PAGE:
Saturday, 30 March 2013

Why subsidies are bad.

by Ulrika Lomas,, Brussels

29 March 2013

A new research paper, involving input from several International Monetary Fund departments, urges governments to pay attention to the substantial benefits that the worldwide reform of energy subsidies could have on nations' finances, income distribution, and the environment.
Subsidies amount to reverse taxation and are generally introduced with a view to protecting poorer consumers by keeping prices low. The IMF paper points out that energy subsidies are widely considered to be inefficient at protecting consumers in need, however, and should be better targeted.
Drawing on the report's findings, Carlo Cottarelli, Director of the IMF’s Fiscal Affairs Department, said: "Subsidies are a problem in practically every country in the world. Even where countries impose taxes on energy, they’re rarely high enough to account for all of the adverse effects of excessive energy consumption, including on the environment. Based on a new database for 176 countries, we estimate that subsidies in 2011 amounted to USD1.9 trillion, the equivalent of about 2.5% of world GDP, or 8% of all government revenues."
"Since energy subsidies are pervasive and costly for governments to maintain, we see scope for reform not only in emerging market and developing countries, but also in advanced economies. The top three subsidizers across the world are the United States at USD502bn, China at USD279bn, and Russia at USD116bn. Clearly, when a country embarks on subsidy reform, there is a need to be mindful of possible adverse effects on the poor, and mitigating measures to protect the poor have to be built into the reform plan. This applies to all countries."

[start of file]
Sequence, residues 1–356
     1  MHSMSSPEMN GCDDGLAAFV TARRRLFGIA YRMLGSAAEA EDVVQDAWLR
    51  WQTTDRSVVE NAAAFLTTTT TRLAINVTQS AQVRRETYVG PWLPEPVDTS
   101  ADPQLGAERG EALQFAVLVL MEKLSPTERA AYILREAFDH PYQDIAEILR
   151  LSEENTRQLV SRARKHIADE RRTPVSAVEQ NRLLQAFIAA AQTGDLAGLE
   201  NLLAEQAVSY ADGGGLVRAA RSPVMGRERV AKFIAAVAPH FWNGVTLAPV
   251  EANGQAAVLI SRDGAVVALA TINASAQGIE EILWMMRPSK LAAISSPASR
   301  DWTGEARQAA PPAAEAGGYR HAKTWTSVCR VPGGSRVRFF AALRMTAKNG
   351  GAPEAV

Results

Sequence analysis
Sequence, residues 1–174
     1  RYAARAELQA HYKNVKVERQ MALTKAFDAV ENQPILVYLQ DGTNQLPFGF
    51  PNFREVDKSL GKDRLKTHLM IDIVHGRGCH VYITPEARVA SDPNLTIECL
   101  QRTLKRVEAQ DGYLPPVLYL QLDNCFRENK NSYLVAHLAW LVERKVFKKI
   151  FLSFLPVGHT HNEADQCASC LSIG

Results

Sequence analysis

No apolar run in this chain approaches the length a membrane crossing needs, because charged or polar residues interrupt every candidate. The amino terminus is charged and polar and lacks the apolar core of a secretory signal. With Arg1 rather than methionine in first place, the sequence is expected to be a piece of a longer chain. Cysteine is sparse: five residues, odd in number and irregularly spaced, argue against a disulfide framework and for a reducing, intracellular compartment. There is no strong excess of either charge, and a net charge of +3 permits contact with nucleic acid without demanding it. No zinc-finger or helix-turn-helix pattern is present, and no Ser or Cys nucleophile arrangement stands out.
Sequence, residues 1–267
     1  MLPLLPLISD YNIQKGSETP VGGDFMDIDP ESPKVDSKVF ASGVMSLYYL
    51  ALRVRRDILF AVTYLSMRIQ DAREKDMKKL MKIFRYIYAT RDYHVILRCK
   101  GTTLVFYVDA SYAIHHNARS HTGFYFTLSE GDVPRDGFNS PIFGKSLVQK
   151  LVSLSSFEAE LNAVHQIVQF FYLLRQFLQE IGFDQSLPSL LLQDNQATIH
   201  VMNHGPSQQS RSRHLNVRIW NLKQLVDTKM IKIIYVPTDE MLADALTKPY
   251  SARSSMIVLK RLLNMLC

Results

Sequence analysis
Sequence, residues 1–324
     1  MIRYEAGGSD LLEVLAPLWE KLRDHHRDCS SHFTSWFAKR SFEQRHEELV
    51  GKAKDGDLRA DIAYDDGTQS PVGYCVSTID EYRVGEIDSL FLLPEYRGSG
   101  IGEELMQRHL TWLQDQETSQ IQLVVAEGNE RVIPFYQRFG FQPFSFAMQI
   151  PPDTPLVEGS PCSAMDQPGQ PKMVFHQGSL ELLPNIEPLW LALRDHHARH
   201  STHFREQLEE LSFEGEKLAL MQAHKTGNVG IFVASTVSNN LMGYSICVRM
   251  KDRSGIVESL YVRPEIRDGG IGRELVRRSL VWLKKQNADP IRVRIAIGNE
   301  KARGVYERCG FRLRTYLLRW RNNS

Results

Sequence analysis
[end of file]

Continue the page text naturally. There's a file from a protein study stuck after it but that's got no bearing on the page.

"Subsidies are expensive and ultimately must be paid by someone. This is of course true for any spending but there are several problems that are specific to energy subsidies. First, they are a very inefficient way of supporting the poor, as the rich consume more energy than the poor and therefore receive most of the benefits of the subsidies. In fact, on average, the richest 20% of households in low- and middle-income countries capture six times more in fuel subsidies than the poorest 20%. Governments, therefore, should make better use of the scarce ammunition in their fiscal arsenal for programs that more directly help the poor."
IMF First Deputy Managing Director David Lipton pointed out that the benefits of energy subsidy reform go beyond helping the poor. He noted the study's findings that eliminating pre-tax subsidies would reduce global carbon dioxide emissions by about 1-2% which would, by itself, represent “a significant first step in reducing emissions by delivering about 15-30% of the Copenhagen Accord’s goal.” As for advanced economies, he noted that subsidies most often take the form of taxes that are too low to capture the true costs to society of energy use (tax subsidies), including pollution and road congestion. “Eliminating energy tax subsidies would deliver even more significant emissions reductions," said Lipton, slashing CO2 emissions by 4½ billion tons – a 13% reduction.

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